Thursday, March 15, 2012


March 15, 2012

While some people stab Julius Ceasar twenty-three on the Ides of March, I spent my day doing other things--which you don't have to hear about in their dull entirety.  I will say that part of the day, like part of the week has involved figuring out what to do with all the stuff that we moved into Davis's room back in January when we emptied the attic.  After only 27 and a half years, Walter and I finally built the cedar closets we have been thinking about our entire married life.

But, because the semester was hot to go by the time the contractor finished, we have been somewhat slow (might I say snail-like?) in putting the good stuff back in the attic and disposing of that which deserved disposal.  Today, we broke down a clothes carton that we first used when we moved to Nashville in 1990. And I felt a wee bit funny that I had a cardboard box that was almost as old as my son.

That was until I looked at a empty box I had carried to the back porch last weekend.  It came into my possession when my mom closed down the travel agency she ran.  It is thirty years old.

Of course, neither of those compare to the box that holds the outdoor Christmas light.  I'm not sure if it or I qualified for AARP membership first.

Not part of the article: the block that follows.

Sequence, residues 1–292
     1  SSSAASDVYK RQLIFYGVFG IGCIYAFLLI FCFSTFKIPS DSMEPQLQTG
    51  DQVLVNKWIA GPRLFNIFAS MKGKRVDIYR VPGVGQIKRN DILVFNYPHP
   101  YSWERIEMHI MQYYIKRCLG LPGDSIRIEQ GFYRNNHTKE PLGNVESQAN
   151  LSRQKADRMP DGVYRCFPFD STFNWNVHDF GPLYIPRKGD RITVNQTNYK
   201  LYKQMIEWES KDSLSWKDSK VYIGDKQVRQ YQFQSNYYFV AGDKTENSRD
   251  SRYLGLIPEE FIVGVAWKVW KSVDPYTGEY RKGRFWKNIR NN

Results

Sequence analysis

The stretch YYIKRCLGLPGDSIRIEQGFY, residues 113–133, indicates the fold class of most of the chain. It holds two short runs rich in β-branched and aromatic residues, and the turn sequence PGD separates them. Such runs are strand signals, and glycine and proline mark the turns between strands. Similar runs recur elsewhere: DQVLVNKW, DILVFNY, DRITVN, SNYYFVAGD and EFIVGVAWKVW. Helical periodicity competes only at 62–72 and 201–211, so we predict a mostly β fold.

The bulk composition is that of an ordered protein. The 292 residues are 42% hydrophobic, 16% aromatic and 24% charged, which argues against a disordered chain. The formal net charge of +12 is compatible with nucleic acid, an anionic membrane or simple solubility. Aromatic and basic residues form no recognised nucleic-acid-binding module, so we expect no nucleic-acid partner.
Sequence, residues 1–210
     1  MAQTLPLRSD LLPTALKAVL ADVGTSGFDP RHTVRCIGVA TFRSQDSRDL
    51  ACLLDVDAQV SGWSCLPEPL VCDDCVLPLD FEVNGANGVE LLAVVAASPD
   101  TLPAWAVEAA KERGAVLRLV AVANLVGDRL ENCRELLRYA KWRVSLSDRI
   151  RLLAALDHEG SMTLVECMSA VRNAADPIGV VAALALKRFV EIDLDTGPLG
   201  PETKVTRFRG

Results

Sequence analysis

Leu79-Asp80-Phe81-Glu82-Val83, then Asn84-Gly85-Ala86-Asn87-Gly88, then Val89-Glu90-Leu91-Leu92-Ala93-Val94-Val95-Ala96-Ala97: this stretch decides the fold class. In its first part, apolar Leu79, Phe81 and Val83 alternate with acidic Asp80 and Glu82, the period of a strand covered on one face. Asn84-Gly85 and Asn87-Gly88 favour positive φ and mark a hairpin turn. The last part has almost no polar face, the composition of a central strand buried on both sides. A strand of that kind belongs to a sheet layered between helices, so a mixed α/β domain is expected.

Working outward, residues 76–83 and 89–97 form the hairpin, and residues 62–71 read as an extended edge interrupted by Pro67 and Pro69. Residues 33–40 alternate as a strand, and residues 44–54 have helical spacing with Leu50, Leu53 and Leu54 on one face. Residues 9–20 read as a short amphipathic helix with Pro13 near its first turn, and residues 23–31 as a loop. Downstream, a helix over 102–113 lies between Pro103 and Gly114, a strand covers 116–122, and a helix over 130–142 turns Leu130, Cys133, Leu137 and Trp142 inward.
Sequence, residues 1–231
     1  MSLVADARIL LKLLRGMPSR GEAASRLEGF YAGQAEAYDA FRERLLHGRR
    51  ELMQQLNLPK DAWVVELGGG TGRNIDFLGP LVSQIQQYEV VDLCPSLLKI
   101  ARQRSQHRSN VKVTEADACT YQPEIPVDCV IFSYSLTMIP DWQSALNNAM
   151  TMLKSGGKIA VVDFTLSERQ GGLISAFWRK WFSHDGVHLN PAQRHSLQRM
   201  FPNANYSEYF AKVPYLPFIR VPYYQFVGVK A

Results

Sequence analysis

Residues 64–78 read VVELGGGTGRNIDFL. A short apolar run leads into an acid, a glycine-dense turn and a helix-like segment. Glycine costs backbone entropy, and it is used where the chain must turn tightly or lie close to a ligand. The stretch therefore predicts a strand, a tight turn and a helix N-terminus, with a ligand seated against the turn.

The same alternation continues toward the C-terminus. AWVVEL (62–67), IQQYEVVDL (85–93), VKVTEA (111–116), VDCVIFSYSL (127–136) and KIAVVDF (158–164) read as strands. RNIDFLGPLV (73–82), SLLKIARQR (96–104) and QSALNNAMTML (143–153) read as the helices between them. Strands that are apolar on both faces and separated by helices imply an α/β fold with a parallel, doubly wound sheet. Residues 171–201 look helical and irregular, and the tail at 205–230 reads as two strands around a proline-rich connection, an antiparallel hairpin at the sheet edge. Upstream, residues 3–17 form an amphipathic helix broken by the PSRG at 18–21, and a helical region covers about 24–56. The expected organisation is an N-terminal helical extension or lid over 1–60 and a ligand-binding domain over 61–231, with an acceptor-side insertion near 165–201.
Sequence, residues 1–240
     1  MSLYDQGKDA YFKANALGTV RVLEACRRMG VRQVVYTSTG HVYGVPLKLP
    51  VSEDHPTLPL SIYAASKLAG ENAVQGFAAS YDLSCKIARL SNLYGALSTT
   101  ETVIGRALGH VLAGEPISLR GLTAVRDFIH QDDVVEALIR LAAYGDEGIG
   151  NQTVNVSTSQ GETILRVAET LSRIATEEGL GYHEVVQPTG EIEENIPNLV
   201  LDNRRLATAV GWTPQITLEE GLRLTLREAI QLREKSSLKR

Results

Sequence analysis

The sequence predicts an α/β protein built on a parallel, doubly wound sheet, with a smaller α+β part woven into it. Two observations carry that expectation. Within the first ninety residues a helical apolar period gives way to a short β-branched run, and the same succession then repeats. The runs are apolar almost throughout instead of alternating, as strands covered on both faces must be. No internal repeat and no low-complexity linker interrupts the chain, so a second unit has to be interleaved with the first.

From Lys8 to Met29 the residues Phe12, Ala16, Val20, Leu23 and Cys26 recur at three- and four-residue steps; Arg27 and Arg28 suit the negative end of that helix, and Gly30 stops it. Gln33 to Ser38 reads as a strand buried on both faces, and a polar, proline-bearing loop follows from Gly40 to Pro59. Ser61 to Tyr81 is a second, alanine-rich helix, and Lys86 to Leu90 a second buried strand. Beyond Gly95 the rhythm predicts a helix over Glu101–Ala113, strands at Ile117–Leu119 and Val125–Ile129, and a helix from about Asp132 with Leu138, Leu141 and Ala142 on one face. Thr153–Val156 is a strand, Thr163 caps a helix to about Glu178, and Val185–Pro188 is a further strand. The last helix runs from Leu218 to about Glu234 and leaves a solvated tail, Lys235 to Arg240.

Then I reassured myself:  everyone has old cardboard boxes that they stow for years, even decades.  They probably are just the right size, were sturdy to begin with, and only get used once a year, or maybe even less often than that.  That reasoning comforted.  Well, it comforted me up until the moment that I realized my twenty-two-year-old box and my thirty-year-old-box were empties that I had saved "just in case" I needed a box.  Who in their right mind stores ancient cardboard boxes "just in case?"

Not me.  Anymore.  They have resumed their original flat shape and have gone to live at the recyclery.  What was I thinking?


  1. *nod* I have boxes, maybe not 30 years old, but 20 years old. (remember, I'm 39). They've lived in NC, GA, VA, Ore. and now UT. They'll go to the next place (God willing I'm not stuck in UT for the rest of my life). Mine aren't empty, but some of the stuff they carry I wonder if it should be carried anymore and those boxes be flattened. Strange our attachment to things like boxes. :)

    1. At least you have the potential to move your stuff somewhere fairly soon. I haven't moved since 1994 and probably won't until someone puts me in a home. At that point, finding enough boxes probably won't be my most urgent problem. YOu would think I was a depression baby instead of a boomer.